Interview: Jos Raats – CEO, ModiQuest, The Netherlands

Jos RaatsThe CEO and founder of ModiQuest discusses how, with its unique, fully-integrated antibody generation and development platform, the company is developing antibodies for potentially groundbreaking therapies for the prevention and treatment of rheumatoid arthritis and growing its already well-established CRO arm serving clients from around the world.

Could you introduce ModiQuest to our readers? 

The company was founded in 2004 as a spin-off from the department of Biochemistry of the Radboud University of Nijmegen. Within academia, we discovered a novel, highly specific diagnostic for rheumatoid arthritis (RA) that was based on a protein modification called citrulline and we managed to patent this invention and start to commercialize it as the cyclic citrullinated peptide (CCP) test for RA. The inventors of this test, Prof. Ger Pruijn, Prof Walther van Venrooij, and myself, thought that we could use this invention to start a company in which we would embark on a quest for other protein modifications that might be of use for developing novel diagnostics, especially for autoimmune diseases. Hence the name of our company: ModiQuest. Our scientific strategy was to focus on the discovery of novel biomarkers based on protein modifications to develop diagnostics for autoimmune diseases. However, this broad scope appeared a little over-enthusiastic, so quite quickly after the start of the company we decided to focus on the citrullinome and to dive further into the biology of citrullination to explore whether we can identify ways to improve the citrulline based diagnostics for RA and whether citrulline or the citrullination pathway can be used as a therapeutic target.

In order to carry out that R&D program, we set up a number of different technologies, the majority of which were focused on antibody generation from autoimmune patients. We initially focused on improving existing technology platforms rather than developing new ones. In the early days, when we started to do R&D in the area of autoimmune diseases and to be able to tap into the repertoire of autoimmune patients, we used different recombinant antibody generation technologies for the discovery and development of antibody tools and reagents for our diagnostics R&D. We used, for example, ModiPhage, and ModiSelect, an optimized B-cell selection approach, to clone antibodies derived from individual B-cells from patients and animals. Additionally, we vastly improved standard hybridoma generation methods by developing a very efficient electrofusion technology called ModiFuse to discover novel antibodies. Thus, from the start of the company, we had three different pillars, covering all possible antibody generation/discovery methods available, supporting our antibody discovery platform. Having all these different antibody generation technologies in-house, allowed us to use and make antibodies from human sources as well as from a range of other species, enabling us to take on difficult projects. Furthermore, we used phage display to assemble our in-house libraries based on patient repertoires, as well as fully naïve human repertoires, which proved vital for the further development of the company.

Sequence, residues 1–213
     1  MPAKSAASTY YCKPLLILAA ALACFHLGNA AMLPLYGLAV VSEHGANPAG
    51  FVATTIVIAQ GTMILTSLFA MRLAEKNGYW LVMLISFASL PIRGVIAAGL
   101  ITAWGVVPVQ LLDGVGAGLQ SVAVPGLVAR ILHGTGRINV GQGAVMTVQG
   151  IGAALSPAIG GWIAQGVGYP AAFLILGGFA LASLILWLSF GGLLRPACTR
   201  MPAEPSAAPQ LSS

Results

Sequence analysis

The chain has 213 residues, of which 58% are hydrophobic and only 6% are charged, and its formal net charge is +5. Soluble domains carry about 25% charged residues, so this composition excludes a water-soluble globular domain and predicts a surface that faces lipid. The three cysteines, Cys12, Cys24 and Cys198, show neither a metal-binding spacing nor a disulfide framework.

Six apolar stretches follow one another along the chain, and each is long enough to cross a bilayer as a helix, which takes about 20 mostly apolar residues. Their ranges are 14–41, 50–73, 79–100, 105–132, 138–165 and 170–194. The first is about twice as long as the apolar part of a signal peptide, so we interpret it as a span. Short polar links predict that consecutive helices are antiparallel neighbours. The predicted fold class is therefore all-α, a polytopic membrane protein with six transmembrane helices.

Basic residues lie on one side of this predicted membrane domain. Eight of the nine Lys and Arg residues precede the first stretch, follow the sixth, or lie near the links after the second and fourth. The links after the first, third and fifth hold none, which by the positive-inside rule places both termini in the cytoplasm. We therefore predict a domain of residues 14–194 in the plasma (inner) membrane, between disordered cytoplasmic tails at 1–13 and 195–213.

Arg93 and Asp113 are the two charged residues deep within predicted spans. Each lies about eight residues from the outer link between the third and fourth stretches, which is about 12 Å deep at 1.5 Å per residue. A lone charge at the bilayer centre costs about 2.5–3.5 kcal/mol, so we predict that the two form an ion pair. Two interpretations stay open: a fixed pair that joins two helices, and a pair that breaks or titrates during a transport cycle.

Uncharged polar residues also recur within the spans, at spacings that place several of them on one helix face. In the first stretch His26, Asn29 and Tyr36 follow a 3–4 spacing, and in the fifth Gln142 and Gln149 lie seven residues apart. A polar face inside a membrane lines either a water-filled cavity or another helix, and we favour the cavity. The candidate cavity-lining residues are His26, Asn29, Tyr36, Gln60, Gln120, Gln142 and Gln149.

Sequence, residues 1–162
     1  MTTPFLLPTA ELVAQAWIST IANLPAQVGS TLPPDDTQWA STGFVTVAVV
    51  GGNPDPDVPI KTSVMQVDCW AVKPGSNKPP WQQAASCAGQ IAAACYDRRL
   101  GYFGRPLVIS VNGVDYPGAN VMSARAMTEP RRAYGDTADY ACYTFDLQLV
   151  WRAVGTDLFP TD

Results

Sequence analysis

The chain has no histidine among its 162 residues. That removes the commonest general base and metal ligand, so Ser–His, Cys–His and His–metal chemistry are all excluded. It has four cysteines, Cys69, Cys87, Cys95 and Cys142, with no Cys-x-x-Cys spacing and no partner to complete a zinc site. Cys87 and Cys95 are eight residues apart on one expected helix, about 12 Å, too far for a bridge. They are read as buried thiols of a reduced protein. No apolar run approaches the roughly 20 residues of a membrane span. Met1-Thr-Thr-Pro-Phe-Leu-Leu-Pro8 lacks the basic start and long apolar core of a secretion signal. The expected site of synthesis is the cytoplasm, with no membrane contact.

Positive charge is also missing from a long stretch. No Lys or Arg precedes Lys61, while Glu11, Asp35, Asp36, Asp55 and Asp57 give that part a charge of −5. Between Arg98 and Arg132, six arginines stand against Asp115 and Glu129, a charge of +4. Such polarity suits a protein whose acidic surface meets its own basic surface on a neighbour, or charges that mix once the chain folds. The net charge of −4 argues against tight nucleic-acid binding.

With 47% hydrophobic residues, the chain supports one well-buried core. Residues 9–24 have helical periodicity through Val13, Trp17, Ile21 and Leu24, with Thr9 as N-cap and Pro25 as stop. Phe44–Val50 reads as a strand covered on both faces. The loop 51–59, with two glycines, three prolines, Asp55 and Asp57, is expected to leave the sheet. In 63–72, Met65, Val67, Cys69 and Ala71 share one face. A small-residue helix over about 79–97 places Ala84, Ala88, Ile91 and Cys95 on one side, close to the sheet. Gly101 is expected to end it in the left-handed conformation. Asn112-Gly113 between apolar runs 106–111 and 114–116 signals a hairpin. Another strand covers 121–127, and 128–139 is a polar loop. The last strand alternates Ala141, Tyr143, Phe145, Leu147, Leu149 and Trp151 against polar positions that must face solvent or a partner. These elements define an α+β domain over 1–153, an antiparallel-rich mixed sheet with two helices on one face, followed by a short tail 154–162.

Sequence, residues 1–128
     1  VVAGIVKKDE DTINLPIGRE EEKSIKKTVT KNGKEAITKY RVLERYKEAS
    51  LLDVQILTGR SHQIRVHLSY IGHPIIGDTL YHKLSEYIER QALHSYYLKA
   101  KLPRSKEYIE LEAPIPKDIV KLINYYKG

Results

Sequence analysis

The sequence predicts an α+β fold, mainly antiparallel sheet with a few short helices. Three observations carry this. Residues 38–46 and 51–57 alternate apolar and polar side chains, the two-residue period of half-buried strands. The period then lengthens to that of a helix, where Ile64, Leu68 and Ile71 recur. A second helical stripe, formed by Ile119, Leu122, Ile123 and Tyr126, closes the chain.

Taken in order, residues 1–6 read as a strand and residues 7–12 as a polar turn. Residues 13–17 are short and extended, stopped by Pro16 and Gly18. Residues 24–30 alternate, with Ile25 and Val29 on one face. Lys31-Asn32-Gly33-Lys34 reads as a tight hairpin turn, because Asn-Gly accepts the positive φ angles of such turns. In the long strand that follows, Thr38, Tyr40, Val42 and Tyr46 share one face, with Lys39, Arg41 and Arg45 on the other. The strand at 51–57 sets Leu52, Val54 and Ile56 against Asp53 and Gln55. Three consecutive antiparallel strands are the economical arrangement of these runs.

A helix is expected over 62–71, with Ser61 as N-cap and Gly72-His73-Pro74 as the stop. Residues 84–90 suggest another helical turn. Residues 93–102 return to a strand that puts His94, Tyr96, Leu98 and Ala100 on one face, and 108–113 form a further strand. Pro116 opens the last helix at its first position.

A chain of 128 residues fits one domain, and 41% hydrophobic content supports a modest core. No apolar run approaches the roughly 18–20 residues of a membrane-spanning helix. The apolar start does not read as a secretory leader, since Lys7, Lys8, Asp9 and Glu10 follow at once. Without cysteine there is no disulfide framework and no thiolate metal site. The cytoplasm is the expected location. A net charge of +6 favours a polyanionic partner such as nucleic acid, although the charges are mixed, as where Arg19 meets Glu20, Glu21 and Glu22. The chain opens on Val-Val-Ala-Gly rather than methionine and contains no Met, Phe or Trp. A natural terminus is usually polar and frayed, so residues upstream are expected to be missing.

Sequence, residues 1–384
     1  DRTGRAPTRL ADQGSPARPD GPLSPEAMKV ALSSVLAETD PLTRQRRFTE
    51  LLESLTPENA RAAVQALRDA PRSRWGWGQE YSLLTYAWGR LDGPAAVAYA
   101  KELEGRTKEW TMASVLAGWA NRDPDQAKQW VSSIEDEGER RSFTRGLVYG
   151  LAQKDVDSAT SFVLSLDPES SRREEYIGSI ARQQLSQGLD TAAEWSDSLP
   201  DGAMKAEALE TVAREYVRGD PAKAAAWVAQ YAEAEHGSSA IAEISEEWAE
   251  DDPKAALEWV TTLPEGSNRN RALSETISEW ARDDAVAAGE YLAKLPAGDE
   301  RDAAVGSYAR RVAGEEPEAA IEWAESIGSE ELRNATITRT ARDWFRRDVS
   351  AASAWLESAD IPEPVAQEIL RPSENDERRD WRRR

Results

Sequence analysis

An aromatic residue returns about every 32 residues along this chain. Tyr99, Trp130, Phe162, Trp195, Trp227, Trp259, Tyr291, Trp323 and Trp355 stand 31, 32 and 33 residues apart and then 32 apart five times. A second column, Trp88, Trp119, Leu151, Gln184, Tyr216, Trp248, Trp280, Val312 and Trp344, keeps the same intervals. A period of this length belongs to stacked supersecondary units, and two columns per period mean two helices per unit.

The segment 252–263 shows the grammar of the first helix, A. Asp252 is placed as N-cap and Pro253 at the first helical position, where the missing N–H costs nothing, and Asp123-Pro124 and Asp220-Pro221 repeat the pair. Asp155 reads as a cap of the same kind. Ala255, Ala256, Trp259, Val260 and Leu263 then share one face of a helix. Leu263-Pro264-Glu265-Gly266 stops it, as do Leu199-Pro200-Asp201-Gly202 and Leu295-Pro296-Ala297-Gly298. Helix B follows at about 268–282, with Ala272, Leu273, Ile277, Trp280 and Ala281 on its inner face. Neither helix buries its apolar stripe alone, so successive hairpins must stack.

As a result of having developed and/or improved these technologies, shortly after setting up the therapeutic arm, we received requests from companies asking us to generate antibodies for them. This is when we decided to start our services arm, ModiQuest Research. All technology developments were initially done jointly between the CRO and the therapeutic arm, allowing us to continuously improve our common technology platform, that we use to generate reagents, therapeutic lead molecules or diagnostic molecules either for internal projects or for our pharma and biotech client base, for therapeutics and diagnostics, human and animal applications.

Can you tell us a bit more about the current stage of development for your treatments for Rheumatoid Arthritis?

Everything that we have developed in the arthritis field is built on our core expertise, the citrullination pathway. Citrullination is the result of the activity of a family of enzymes, the Peptidyl Arginine Deiminases (PADs) that actually generate the citrullinated modifications on proteins not normally present in healthy individuals; they occur, for example, in areas of inflammation damage. Citrullinated proteins play a role in activating the inflammatory cascade, are damaging to tissues and might be causal to (e.g. RA), or at least are involved in the development of certain autoimmune diseases. The two approaches we have initially been following in order to interfere with the citrullination pathway, were 1) the use of PAD enzyme inhibitors; and 2) anti-citrullinated protein antibodies (ACPA). The latter , binding to specific epitopes generated by these PAD enzymes cause the inhibition of disease causing biology, resulting in a therapeutic effect.

Our therapeutic tACPAs were discovered when we were developing a more human disease like animal model for RA. We wanted to introduce the anti-citrulline antibodies from RA patients into these animal models, since these are also present in human patients. We obtained our first anti-citrulline antibodies from RA patients via recombinant antibody technology. After introducing a set of different ACPA into the mouse disease model, we were surprised to find that, rather than aggravating the disease, one or two of these ACPA were actually preventing the inflammation. This observation was the start of our therapeutic anti-citrullinated peptide antibody (tACPA) programme that is now in an advanced pre-clinical phase. From this early finding, we have developed a family of tACPA antibodies. The current tACPA lead antibodies are capable of preventing the onset of inflammation in two RA animal models. We have shown that tACPAs interfere with a part of the innate immune system, the formation of Neutrophil Extracellular Traps (NETs) by neutrophils, which is one of the very first events to take place upon infection or at sites of cell/tissue damage. This Mechanism of Action opens up potential utility beyond RA including diseases like pulmonary fibrosis and colitis. In April 2015 we spun out a single asset company called Citryll (www.citryll.com) to further develop and commercialize the tACPA programme. This new company is headed by Helmuth van Es, an experienced bio-entrepreneur, who was also a co-founder of Galapagos, Audion Therapeutics, Antabio, and Effecta Pharma. He has been involved in numerous (pre)-clinical development programs.  Currently we are in discussions with pharma and biotech companies as potential partners for a co-development alliance. We are also talking to selected venture and corporate capital funds and high net worth individuals. Attracting funds in The Netherlands for innovative, relatively high risk programs is challenging and we engage with selected internationally active funds as well as are exploring moving the company to the more innovation, friendly countries like Belgium, the UK and the US.